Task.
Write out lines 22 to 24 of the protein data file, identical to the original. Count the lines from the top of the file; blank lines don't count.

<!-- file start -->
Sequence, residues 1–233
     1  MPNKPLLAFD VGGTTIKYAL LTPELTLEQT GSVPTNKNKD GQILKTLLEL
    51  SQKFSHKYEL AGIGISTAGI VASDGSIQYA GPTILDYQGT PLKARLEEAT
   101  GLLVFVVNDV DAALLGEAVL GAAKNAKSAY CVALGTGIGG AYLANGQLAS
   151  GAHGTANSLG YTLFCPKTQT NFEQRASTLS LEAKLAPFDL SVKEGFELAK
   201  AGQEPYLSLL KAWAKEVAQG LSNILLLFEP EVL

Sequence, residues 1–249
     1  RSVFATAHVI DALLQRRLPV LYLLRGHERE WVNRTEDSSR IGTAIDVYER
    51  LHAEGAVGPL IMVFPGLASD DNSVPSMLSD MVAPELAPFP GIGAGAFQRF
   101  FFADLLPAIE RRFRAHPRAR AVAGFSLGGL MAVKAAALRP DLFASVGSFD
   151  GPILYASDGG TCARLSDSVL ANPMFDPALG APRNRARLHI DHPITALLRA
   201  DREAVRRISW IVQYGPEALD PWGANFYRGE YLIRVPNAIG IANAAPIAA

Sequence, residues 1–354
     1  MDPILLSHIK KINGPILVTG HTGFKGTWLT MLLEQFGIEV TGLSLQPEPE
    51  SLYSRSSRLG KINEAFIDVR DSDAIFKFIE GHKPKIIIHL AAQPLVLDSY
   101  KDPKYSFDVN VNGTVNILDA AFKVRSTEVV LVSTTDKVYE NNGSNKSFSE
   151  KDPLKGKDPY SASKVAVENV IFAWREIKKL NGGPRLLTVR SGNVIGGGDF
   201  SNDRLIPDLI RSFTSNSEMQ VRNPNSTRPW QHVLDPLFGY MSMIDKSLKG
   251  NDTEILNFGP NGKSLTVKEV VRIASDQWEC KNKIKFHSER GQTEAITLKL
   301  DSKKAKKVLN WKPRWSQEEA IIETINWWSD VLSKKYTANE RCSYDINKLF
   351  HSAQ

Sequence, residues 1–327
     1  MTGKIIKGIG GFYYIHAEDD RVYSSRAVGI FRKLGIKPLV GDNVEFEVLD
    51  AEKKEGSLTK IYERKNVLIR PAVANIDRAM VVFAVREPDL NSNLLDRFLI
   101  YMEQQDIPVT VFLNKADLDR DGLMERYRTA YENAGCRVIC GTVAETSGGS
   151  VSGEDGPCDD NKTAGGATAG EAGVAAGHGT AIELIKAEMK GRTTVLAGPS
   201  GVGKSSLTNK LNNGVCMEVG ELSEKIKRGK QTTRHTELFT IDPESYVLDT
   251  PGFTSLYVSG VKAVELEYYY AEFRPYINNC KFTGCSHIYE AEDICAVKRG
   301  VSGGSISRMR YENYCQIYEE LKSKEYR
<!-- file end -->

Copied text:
Sequence, residues 1–327
     1  MTGKIIKGIG GFYYIHAEDD RVYSSRAVGI FRKLGIKPLV GDNVEFEVLD
    51  AEKKEGSLTK IYERKNVLIR PAVANIDRAM VVFAVREPDL NSNLLDRFLI